Government policy is another crucial trend that determines how much an employer gives her employee in terms of benefits. The government plays a big role in both determining and planning for employee benefits especially the government sanctioned ones  which are mandatory for any employer to be provided by any employer (Rosenbloom, 2008). For instance in America, the government requires that every employer offer their workers benefits like Social Security, workers’ compensation and medication with specified percentages depending on the nature and the size of the employer. This is however done through careful examination of various structures such as retirement income structure within their territory and establishing the most suitable plan in the light of the changes in demographics.

Even though many employers have been faced with the challenge of high costs for employee benefits as a result of the current global trends, they are doing all it takes to balance between providing benefits to employees and ensuring that the profitability of their organizations is not compromised. In other words, organizations have devised ways of ensuring that cut on the high costs of provision of basic benefits. First of  all many employers have turned to offering benefits whose price tags are lower enough not to run them into losses. Such benefits include pet days, health club membership, sports tickets, massages and concierge services. This trend is not new however as it started way back in the 1980s and it is being applied effectively currently. This has significantly cut down the high costs of paying the benefits. For instance in the U.S. alone, the percentage of workers covered with pension has dropped noticeably since the strategy started being applied (Braden, 2009).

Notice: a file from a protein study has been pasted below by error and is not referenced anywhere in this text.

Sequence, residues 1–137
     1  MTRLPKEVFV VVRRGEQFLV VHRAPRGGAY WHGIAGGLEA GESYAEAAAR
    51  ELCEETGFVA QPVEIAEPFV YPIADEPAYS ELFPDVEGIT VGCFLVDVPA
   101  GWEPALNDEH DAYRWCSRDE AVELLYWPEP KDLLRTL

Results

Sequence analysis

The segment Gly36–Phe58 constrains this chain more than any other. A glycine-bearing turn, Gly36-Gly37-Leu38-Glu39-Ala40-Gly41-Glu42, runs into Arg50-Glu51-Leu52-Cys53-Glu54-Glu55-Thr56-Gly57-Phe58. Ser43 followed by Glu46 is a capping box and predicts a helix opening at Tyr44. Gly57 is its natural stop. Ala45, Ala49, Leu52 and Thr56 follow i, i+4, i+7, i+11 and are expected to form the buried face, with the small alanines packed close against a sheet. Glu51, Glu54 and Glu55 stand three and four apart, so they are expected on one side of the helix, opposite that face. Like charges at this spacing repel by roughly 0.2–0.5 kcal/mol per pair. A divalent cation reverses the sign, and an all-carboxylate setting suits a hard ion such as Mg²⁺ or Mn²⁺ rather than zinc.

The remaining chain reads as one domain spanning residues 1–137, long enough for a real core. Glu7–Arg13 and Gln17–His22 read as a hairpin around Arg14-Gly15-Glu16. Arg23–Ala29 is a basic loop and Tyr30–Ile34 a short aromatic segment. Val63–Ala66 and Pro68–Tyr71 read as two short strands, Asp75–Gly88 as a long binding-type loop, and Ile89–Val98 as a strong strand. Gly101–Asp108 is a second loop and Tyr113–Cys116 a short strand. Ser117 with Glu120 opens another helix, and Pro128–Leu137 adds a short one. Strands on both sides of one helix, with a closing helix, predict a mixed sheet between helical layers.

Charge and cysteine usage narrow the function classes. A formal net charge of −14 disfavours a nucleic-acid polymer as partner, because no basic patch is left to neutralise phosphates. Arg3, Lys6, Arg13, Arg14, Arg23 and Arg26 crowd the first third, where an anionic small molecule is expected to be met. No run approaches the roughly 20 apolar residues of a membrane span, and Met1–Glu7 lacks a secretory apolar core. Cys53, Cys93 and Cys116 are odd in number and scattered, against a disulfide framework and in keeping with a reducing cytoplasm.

To ensure that the increasing costs of the benefits are kept almost at the same rate with salaries and wages there is a combination of many factors that play a very big role to help keep the benefits’ costs low. One of such factors is stakeholders ensuring that they keep price increases for medical services as low as possible (Rosenbloom, 2008). Medical cover is of the most expensive benefits hence if its costs are kept low, it will also lower the costs of the benefits for health care. Other measures that have been found to be very effective in ensuring that the costs are kept within limits include: pension fund investments’ accelerated returns, moderate cost rises in benefits that are legally required, and employer cost control attempts in retirement and medical benefit plans.

To sum up the whole discussion about employers’ costs for benefits, it is important to note that the recent instability in economic conditions throughout the world has been a major stumbling block in the provision of various forms of employee benefits. Other important trends affecting provision of benefits include government policy and the size of the company. There are efforts however that have been put in place to ensure that these costs don’t compromise the financial positions of organizations. Such measures include: providing benefits with lower price tags, keeping the rising rates of benefits at almost the same rate as salaries and wages, and controlling costs within retirement and medical benefit plans.